• Expect that you will be supported by the university in delivering classes online. See the list of support contacts on the right hand side of this page. They will be dedicated to helping you conduct your courses online and will be available during any physical campus closure.
  • If you have not taught much in Canvas, familiarize yourself with basic Canvas and Panopto features.


Online communication

  • Have a consistent communication strategy to avoid confusion. We recommend using email and the Announcement tool within Canvas. 
  • Inform your students where to locate course information on your Canvas course site and provide detailed instructions for assignments, online meetings, and technologies.
  • As much as possible, try to create and confirm new content is accessible. For students who may need screen readers, use SnapVerter to convert PDFs to a readable format.
  • Post your syllabus on your course site  and update it with course changes as needed. Here’s how to post content on Canvas. 
  • Follow best practices to build community and hold online discussions.
    • Add an image to your Google and Canvas profiles, if you have not already done so. 

Substitutes for class meetings

  • Meet virtually over Zoom to hold online synchronous classes and office hours. In Zoom, you can see each other, share your computer screen, poll students, have a live chat, and have breakout rooms for small group discussions. (Note that the free Zoom account supports one-on-one meetings of any length. Meetings of more than two are limited to 40 minutes. This limitation is lifted on licensed accounts. If you need greater capacity for your course, please fill out this form from IT.)
  • If your class meetings typically rely on lectures, you can record a narrated presentation on Zoom, Panopto, or share a PowerPoint with narrated slides. Recording long lectures is not recommended. Here are some tips on how to redesign them.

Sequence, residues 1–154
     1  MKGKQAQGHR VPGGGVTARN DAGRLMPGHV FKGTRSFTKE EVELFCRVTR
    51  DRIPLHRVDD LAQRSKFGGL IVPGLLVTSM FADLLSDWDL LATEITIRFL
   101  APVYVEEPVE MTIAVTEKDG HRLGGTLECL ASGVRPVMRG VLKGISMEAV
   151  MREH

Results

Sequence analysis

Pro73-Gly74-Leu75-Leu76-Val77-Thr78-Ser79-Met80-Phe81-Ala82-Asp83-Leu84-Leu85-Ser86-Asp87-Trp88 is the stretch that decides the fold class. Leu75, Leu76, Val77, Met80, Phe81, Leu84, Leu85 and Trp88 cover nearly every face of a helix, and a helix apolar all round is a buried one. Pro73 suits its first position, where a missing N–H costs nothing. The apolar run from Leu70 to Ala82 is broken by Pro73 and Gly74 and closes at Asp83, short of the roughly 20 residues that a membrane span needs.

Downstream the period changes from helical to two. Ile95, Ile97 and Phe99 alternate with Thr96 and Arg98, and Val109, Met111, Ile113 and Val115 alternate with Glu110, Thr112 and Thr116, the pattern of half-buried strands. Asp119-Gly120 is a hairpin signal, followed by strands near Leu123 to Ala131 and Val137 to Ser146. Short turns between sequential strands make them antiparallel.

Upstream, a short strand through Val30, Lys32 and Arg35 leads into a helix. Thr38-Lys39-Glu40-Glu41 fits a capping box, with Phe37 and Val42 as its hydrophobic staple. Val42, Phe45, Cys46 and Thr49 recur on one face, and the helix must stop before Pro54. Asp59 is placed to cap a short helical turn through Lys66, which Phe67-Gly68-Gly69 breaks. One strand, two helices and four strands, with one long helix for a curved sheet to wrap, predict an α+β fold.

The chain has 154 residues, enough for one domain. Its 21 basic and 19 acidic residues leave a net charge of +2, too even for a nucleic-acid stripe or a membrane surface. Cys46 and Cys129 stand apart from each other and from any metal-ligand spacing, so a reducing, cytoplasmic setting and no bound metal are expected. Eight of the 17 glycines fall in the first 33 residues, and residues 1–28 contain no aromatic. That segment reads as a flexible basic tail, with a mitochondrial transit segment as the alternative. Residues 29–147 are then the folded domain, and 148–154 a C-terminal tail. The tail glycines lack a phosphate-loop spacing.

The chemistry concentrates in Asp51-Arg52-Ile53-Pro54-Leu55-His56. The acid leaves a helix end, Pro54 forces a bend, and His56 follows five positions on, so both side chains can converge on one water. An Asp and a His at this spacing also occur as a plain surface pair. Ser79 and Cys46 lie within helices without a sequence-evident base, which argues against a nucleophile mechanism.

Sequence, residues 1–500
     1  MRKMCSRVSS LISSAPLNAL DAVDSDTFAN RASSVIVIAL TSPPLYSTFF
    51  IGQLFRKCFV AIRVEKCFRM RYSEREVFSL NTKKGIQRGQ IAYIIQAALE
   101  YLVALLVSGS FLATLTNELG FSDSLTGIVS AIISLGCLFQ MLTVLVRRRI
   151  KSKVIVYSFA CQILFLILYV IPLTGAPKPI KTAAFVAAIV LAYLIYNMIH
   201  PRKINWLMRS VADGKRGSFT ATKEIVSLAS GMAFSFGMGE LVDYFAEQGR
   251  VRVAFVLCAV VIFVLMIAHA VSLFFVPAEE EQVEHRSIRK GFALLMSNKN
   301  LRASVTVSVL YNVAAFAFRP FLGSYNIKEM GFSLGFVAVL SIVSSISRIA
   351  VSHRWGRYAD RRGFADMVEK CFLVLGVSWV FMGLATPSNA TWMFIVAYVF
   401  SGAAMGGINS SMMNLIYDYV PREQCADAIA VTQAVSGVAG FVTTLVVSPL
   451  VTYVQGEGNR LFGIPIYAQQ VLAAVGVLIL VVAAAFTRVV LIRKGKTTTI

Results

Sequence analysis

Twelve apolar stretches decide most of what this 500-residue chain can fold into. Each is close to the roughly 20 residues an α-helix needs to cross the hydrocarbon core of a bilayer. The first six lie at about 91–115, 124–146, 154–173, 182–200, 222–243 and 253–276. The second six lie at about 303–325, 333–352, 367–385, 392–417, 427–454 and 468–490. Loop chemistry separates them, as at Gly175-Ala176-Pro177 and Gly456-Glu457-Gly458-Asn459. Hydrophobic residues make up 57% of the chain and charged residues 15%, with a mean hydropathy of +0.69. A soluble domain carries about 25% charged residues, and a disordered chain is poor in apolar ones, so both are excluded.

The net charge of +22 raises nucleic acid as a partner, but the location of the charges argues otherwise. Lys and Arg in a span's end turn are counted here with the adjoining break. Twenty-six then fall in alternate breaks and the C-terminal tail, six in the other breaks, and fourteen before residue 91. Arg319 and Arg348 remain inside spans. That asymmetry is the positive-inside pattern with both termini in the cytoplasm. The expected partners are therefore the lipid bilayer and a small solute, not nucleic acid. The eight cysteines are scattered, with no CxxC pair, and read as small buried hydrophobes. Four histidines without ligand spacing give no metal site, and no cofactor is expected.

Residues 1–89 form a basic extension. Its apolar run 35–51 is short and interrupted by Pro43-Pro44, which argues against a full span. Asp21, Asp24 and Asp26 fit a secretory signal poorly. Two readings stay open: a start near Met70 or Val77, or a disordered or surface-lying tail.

• Host phone-based audio conferences for small classes. You can use Zoom to set up quick video or audio conferences, just like a conference call.
  • For lab sections, consider virtual labs online or provide alternative activities in place of the lab.
  • Consider substituting class time with readings or online materials, and then follow-up with an online discussion using discussion board or FlipGrid.

Distributing, collecting, and grading student work

Suggestions for labs and music courses and other experiential learning activities

In an emergency, you often need to get your class, and materials, online as soon as possible. Students will be supportive of these efforts. As soon as you can, however, you should also make sure that the materials you put online are accessible to everyone in your course. It is also our legal responsibility, according to the Office of Civil Rights. This page provides some instructions, tips, and ideas for ensuring everyone has access to succeeding in your course.

Please know how to provide extended time for students with accommodations through Access Services (text, video).




Read&Write Resources

Support Contacts

Saint Mary’s Help Desk

Canvas 24/7: Log into Canvas, click Support, and then click Chat with Canvas Support